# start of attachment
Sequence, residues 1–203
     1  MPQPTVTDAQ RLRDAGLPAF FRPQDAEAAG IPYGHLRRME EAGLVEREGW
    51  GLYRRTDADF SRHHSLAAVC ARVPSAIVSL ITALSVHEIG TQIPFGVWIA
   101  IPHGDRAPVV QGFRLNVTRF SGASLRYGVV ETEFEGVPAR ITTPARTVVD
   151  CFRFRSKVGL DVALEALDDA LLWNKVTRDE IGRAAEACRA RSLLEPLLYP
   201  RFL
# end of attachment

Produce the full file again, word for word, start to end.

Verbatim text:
Sequence, residues 1–203
     1  MPQPTVTDAQ RLRDAGLPAF FRPQDAEAAG IPYGHLRRME EAGLVEREGW
    51  GLYRRTDADF SRHHSLAAVC ARVPSAIVSL ITALSVHEIG TQIPFGVWIA
   101  IPHGDRAPVV QGFRLNVTRF SGASLRYGVV ETEFEGVPAR ITTPARTVVD
   151  CFRFRSKVGL DVALEALDDA LLWNKVTRDE IGRAAEACRA RSLLEPLLYP
   201  RFL